Lamonica Stadium, a perfect venue for Clovis football

Lamonica Stadium at sunset, a picture-perfect place to watch a high school football game. PAUL MEADORS/CLOVIS ROUNDUP

Standing on the north sideline facing west at Lamonica Stadium just before kickoff of the Clovis-Modesto football game, I couldn’t help but be captivated by the picture-perfect sunset, a beautiful hue of orange and red with blue cascading up into deep purple, and beyond, a few sparkling stars making an appearance as if to say, “Friday Night Lights is here.”

I turned to a Clovis administrator and said: “There’s nothing like Lamonica Stadium at sunset.”

It’s true.

When you look to the east, you’ll see Old Glory majestically waving in the wind, and in the background a few feet away is a gorgeous array of 26 pine trees firmly planted. They, like this community, have taken root, matured, and now exude a strength built from a blue-collar work ethic.

Oh what a stunning site Lamonica Stadium is to behold. The perfectly manicured grass on the crowned field doesn’t just look greener; it IS greener, with its manicured, crowned football field with a capacity of 6,500 to watch a football game. It is perfectly scaled: large enough to be grand, but understated enough to be graceful. Consider the gentle curve of the bleachers, allowing spectators to take in much more. Or how the bleachers blend seamlessly into the field. When you get a whiff of the natural grass, you’ll have flashes of the glory days of old and the promises of the present future, the place where the legends of Clovis past talk about the madness of those games that got away, revel in the many games they won when they were treated like heroes just for a moment and say things like, “If I could just lace up the cleats one more time …”

It is the gold standard experience for watching a game; no track to look past, the front row just 15 feet from the Clovis players who majestically don gold helmets like members of an elite emperor’s royal guard, the crazed student section close enough to hear the coaches’ huff and puff and praise and preach.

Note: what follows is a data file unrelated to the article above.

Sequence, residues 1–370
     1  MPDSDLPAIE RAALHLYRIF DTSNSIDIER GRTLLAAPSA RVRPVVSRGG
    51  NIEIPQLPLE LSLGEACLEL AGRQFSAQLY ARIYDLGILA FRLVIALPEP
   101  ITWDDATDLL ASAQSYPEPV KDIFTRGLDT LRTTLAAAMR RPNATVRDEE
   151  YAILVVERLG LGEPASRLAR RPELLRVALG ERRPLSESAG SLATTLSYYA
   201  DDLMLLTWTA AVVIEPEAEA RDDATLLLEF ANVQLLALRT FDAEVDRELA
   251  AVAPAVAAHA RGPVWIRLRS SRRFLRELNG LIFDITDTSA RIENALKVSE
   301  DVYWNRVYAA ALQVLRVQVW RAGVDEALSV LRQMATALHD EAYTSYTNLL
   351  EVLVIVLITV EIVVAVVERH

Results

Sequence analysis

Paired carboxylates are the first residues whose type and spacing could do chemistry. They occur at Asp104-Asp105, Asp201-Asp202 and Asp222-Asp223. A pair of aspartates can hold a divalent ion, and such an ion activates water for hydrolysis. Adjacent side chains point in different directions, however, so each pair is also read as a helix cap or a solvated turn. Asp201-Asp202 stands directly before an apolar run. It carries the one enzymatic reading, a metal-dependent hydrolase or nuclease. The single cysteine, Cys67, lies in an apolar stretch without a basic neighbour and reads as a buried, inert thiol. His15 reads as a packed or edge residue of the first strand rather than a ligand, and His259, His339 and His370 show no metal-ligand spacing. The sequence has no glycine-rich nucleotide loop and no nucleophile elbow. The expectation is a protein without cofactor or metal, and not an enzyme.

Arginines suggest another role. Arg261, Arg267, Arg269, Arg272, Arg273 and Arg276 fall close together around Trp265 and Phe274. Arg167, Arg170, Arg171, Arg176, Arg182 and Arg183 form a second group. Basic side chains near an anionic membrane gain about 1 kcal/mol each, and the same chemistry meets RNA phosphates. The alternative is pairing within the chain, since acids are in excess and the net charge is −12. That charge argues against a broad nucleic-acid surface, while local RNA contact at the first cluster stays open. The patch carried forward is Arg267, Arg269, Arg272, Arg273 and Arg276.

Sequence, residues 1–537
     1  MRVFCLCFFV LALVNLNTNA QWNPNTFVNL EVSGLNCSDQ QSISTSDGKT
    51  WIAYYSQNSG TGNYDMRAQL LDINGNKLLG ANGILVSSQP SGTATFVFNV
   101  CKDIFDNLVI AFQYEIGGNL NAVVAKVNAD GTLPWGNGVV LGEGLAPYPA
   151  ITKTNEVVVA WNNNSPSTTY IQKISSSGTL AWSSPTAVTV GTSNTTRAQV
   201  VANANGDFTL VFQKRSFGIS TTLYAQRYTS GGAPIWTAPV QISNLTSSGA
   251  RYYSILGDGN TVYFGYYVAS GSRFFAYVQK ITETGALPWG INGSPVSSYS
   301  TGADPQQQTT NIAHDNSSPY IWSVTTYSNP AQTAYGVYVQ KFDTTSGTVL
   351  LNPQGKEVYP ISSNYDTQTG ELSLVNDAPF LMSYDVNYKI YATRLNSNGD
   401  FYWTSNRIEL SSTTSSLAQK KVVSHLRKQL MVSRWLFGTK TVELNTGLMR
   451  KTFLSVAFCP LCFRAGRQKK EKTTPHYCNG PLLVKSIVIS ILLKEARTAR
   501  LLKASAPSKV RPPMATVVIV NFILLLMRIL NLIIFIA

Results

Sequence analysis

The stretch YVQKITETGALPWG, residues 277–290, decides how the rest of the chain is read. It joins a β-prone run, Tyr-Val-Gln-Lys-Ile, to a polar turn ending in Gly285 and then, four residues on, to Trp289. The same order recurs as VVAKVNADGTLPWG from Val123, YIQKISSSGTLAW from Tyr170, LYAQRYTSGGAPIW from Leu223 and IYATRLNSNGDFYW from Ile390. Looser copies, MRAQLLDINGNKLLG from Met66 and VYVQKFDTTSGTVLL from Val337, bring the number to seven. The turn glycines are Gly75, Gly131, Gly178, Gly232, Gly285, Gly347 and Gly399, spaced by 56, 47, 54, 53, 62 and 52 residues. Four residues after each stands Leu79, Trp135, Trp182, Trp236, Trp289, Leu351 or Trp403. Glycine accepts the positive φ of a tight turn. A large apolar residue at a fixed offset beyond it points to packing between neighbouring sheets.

The stadium opened in 1974, named for its most popular and decorated alum, the famed AFL and NFL star Daryle Lamonica, a football paradise set back away from any outside noise or traffic or tall buildings that might obscure the horizon and beyond; just the sounds of helmets hitting helmet, pads colliding with pads, players screaming in victory or agonizing over defeat.

It’s a place where Clovis Football Hall of Fame members and former NFL players Tyler Clutts, Stephen Spach, Keith Poole and Zack Follett all played and the place where legendary and beloved coach Tim Simons roamed the sidelines, coaching to a record of 220-61-6 with five CIF Central Section and 12 league titles from 1976-1999. This is a home of champions.

Their names, along with Floyd Doc “B” Buchanan, Lloyd Merriman, Jack Mattox, Dave Lewis, and of course Lamonica, are all enshrined on a marbled monument just outside the gate entrance of the stadium, a most fitting venue to honor these pillars of the Clovis football community.

Once a Cougar, always a Cougar.

Fittingly, Lamonica himself has been coming around to Clovis football practices of late, showing the boys (and coaches) a few tricks of the trade, demonstrating receiver routes and explaining how a quarterback needs to see the whole field and most of all, modeling how to be a leader. In fact, after the 42-14 Clovis romp over Modesto, Lamonica went up head coach Rich Hammond and said, “I like what I saw going on!”

Next time you walk into Lamonica Stadium, look beyond the passes, runs and the tackling on the field for a moment. Take the time to breathe in all the sights and sounds that are all around, reflecting on the iconic place it is, a hallowed ground worthy of the mantle of Clovis High Football.

A special place indeed, this Lamonica Stadium.

Paul Meadors
Paul Meadors is a man of many talents. He is a elementary school teacher, Junior High athletic director, and basketball coach in Traver, CA, in addition to serving as the Sports Editor for the Clovis Roundup. He is also the author of the humorous book “Letters to eBay,” and he has recorded a piano album of his own compositions titled “Surviving the Storm.” He lives in Fresno with wife Lori and daughters Georgie, Alex and Ruthie.